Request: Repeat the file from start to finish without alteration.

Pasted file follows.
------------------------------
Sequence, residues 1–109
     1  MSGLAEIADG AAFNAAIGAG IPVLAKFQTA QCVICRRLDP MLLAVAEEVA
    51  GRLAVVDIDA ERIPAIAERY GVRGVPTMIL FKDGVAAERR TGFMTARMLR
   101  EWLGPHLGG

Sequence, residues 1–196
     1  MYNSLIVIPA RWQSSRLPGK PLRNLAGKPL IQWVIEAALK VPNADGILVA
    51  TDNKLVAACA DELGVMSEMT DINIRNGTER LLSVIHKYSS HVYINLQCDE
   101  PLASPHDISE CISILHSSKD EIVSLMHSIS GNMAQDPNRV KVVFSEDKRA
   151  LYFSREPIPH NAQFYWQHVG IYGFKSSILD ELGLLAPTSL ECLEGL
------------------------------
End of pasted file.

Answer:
Sequence, residues 1–109
     1  MSGLAEIADG AAFNAAIGAG IPVLAKFQTA QCVICRRLDP MLLAVAEEVA
    51  GRLAVVDIDA ERIPAIAERY GVRGVPTMIL FKDGVAAERR TGFMTARMLR
   101  EWLGPHLGG

Sequence, residues 1–196
     1  MYNSLIVIPA RWQSSRLPGK PLRNLAGKPL IQWVIEAALK VPNADGILVA
    51  TDNKLVAACA DELGVMSEMT DINIRNGTER LLSVIHKYSS HVYINLQCDE
   101  PLASPHDISE CISILHSSKD EIVSLMHSIS GNMAQDPNRV KVVFSEDKRA
   151  LYFSREPIPH NAQFYWQHVG IYGFKSSILD ELGLLAPTSL ECLEGL